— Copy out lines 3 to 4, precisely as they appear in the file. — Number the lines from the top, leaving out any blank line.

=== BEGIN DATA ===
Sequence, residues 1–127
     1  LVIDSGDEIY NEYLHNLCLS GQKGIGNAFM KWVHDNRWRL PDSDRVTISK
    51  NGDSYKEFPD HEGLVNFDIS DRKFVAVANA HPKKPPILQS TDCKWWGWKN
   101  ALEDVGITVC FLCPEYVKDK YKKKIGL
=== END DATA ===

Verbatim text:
    51  NGDSYKEFPD HEGLVNFDIS DRKFVAVANA HPKKPPILQS TDCKWWGWKN
   101  ALEDVGITVC FLCPEYVKDK YKKKIGL